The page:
Schematic of the soft manipulator used for our studies. The manipulator is driven by three tendons arranged in the configuration shown above. Unless stated otherwise, the single section manipulator is used for the study.

The relative position and orientation of a soft body _{i}(·) : _{i}]↦_{i}(

The continuous models of the position, velocity and acceleration of a soft body can be derived from the Cosserat rod theory, which gives (Boyer and Renda,

where

with

To model constrained rod, such as the Kirchhoff-Love case with angular strain only, the strain field is specified as:

where

Assuming piece-wise constant strains (Renda et al.,

where

Successive applications of the kinematics (Equation 9) for all the bodies of the system, yields to the definition of the geometric Jacobian _{i}(

where the block elements of the ^{th} Jacobian

Once a Jacobian is found, the generalized dynamics of the system can be obtained by projecting the free dynamics of each soft body by virtue of the D'Alembert's principle. The free dynamic equation, with its boundary conditions, of a soft body is given by (Renda et al.,

where _{·i}(_{i}(^{6×6} is the co-adjoint (respectively co-Adjoint) map of the Lie algebra (respectively Lie group) defined in Nomenclature. Regarding the internal elastic force, a linear viscoelastic constitutive model is usually chosen:

where

are the screw stiffness and viscosity matrix (_{i} being the young modulus, _{i} the shear modulus and ν_{i} the shear viscosity).

By Jacobian projection of the free dynamics (Equation 11), we obtain the generalized dynamics in its classical configuration-space form:

where ^{n×n} is the generalized mass matrix, ^{n×n} is the generalized Coriolis matrix, ^{n×n} is the block-diagonal generalized damping matrix, ^{n×n} is the block-diagonal generalized stiffness matrix, ^{n} is the vector of generalized position-dependent external forces and ^{n} is the vector of applied actuation forces. Note that the dynamic Equation (13) can be written in the form required by Equation (2), with

It is worth noting here the different structure of the components of the generalized dynamics Equation (13). Similarly to the minimal Lagrangian models of traditional rigid robots, inertial loads are characterized by full coefficient matrices, as can be see from Equations (14a) and (14b), while damping and stiffness loads are characterized by block-diagonal coefficient matrices, as for Equations (14c) and (14d). This is in contrast with other modeling approaches that use absolute coordinates, such as Finite Elements, for which the opposite holds. Inertial coefficient matrices are block-diagonal while damping and stiffness coefficient matrices are full. Thus, neglecting inertial terms will be well suited for minimal Lagrangian models for soft robotic manipulator, such as the PCS approach.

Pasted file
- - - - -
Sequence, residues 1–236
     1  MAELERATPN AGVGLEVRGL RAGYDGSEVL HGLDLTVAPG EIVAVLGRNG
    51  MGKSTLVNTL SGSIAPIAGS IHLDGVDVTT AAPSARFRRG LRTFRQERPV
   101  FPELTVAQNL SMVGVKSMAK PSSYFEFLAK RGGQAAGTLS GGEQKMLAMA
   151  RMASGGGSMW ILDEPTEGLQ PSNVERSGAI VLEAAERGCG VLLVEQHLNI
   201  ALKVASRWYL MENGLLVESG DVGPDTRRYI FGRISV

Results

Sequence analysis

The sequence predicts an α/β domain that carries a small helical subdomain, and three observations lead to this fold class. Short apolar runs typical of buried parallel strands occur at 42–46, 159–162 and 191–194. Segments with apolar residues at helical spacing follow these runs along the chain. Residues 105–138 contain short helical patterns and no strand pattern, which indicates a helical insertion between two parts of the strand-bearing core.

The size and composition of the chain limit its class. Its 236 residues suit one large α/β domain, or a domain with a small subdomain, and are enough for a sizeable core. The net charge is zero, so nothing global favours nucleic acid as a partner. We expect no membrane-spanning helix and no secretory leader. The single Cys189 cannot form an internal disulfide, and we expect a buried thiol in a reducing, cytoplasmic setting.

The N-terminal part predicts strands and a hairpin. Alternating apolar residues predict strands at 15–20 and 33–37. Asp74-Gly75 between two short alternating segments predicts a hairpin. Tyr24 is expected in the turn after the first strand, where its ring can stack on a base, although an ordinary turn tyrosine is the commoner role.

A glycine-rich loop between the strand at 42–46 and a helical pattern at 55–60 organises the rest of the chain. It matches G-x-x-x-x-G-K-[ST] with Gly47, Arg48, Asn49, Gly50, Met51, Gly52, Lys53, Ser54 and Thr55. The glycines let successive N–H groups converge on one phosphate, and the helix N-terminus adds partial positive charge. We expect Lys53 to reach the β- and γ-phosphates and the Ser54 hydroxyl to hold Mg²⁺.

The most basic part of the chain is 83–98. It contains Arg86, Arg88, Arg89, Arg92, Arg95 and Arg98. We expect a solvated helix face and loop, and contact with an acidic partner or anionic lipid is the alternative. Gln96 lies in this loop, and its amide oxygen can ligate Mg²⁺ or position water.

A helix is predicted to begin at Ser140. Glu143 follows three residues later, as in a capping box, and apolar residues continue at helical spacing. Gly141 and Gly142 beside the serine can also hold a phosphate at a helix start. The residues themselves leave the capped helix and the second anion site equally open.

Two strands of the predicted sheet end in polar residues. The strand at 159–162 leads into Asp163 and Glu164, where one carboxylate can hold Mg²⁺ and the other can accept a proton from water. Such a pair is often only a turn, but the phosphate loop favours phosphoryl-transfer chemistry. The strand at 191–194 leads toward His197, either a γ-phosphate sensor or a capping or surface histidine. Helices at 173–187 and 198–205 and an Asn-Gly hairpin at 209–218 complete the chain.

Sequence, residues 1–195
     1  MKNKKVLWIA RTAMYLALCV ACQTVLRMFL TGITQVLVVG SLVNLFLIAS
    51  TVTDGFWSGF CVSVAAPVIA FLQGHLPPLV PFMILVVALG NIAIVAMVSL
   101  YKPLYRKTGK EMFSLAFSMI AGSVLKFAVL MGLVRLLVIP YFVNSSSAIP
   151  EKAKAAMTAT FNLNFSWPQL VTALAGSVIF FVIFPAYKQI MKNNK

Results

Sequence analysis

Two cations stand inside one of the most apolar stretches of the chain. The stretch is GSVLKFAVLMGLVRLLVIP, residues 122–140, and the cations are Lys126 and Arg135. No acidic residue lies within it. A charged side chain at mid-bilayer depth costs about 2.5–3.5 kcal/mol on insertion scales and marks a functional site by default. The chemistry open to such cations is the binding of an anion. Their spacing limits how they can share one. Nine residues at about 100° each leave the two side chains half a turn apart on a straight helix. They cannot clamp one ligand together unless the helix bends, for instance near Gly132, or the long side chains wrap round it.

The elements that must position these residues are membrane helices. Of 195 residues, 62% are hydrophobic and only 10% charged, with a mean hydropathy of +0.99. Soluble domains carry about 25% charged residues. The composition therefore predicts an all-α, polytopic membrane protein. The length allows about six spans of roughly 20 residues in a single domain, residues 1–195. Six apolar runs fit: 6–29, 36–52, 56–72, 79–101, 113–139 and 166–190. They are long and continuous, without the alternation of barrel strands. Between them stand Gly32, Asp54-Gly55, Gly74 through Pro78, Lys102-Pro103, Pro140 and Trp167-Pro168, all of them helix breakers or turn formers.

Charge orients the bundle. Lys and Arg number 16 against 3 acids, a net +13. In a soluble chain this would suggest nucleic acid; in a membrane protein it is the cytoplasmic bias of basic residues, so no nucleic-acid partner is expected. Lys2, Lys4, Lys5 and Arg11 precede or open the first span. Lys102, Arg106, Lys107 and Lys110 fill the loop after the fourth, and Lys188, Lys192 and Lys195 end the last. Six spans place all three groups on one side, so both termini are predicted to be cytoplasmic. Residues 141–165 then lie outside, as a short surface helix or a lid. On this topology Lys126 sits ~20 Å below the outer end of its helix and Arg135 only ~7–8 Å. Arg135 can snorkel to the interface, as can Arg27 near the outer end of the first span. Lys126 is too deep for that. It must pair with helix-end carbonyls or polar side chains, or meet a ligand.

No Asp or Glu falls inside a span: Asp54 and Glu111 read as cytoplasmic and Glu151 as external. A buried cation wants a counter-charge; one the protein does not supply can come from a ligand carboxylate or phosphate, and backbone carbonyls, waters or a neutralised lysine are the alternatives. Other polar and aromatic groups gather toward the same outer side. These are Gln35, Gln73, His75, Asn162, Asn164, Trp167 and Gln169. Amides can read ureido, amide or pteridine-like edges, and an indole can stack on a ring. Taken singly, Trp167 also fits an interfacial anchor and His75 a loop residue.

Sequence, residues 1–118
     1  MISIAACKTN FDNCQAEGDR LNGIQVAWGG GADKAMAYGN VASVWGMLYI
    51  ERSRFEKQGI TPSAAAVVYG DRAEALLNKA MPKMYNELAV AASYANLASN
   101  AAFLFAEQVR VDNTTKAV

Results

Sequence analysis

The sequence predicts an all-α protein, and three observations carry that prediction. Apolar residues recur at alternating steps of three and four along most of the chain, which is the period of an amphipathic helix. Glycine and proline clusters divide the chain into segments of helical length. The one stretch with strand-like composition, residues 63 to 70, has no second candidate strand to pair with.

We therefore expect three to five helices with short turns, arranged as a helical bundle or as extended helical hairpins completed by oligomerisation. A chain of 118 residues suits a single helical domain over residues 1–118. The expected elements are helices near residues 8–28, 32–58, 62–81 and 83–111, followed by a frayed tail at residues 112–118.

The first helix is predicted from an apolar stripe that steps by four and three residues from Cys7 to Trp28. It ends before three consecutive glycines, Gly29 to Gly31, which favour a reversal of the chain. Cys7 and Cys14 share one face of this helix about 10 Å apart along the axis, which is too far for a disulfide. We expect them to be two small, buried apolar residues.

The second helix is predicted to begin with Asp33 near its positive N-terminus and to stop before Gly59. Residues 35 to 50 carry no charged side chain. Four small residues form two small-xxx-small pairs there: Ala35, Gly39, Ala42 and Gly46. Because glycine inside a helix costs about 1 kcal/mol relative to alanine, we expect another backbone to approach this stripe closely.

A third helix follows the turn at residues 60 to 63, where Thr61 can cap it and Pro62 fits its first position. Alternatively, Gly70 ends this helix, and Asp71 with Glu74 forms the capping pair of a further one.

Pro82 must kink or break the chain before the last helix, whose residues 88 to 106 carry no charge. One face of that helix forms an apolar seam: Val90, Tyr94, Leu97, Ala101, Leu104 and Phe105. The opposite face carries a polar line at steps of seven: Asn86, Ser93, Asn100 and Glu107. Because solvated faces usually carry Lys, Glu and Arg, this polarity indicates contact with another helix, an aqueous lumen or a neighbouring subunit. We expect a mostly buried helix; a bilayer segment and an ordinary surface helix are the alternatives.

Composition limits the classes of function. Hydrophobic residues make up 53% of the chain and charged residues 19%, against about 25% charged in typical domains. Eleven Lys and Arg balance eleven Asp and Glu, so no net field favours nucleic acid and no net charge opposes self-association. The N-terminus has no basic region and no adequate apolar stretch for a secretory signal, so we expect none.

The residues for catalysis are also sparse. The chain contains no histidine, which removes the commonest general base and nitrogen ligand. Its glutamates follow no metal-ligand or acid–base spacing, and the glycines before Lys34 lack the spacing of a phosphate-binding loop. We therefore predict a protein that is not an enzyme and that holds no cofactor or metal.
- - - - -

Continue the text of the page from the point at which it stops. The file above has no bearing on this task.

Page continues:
This section investigates two studies. First, we validate the accuracy of the learned first-order model with respect to the learned second-order model. Second, we perform simulated experiments to validate the accuracy of the proposed controller. All the tests are performed on the fully dynamic model described in section 3.

The learned models are derived using a kind of recurrent neural network called a nonlinear autoregressive exogenous (NARX) model (Billings,

Modeling of the forward dynamics and the inverse dynamics controller. Note that for the non-redundant cases, the configuration-space (

Parameters of the learned forward dynamic model.

Type | NARX network |

Hidden layer size | 40 |

No. of samples | 7000 |

Training algorithm | Levenberg-Marquardt backpropagation |

Training:Testing:Validation ratio | 70:15:15 |

Stopping criterion | Validation set error |

Maximum no. of epochs | 100 |

Random actuation of the tendons are performed (motor babbling) for 70 s to obtain the samples for learning the forward model (

Dynamic workspace of the manipulator obtained by motor babbling. This is obtained by recording end-effector position of the manipulator when actuated by random continuous actuation signals.

Step response of the learned models in comparison to the actual analytical model. The step signal is given to single actuator at time = 2 s.

Periodic response of the learned models in comparison to the actual analytical model.

In order to analyze the effects of the viscosity and the inertial effects on our modeling assumption, we further perform studies on the accuracy of the first-order model for varying material viscosity and density. As material density increases and the material viscosity decreases, the inertial effects become more and more dominant. Hence, one would expect the accuracy of the first-order model to decrease and the second-order model to remain constant. However, this is not necessarily the case as the training of second-order recurrent neural networks is more prone to instabilities (Pascanu et al.,

Root sum squared error of the learned model for varying dynamic properties of the manipulator.

Increasing the length of the manipulator is another way to increase the inertial properties and weaken the first-order assumption. For this, we test the same methodology on a 4 section manipulator, however, actuated only on the first section. Each section has approximately the same length, with the total length of the manipulator adding to 418 mm. We test two designs, one with a tapered morphology and the other with a cylindrical morphology (higher inertial properties). The radius of the tapered morphology linearly reduces from 30 to 10 mm while the cylindrical morphology has a fixed diameter of 30 mm. For this test and the following controller results, the default parameters of the manipulator is used (i.e., with the material density of 1,080 kg/m^{3} and viscosity of 300 Pas; Renda et al.,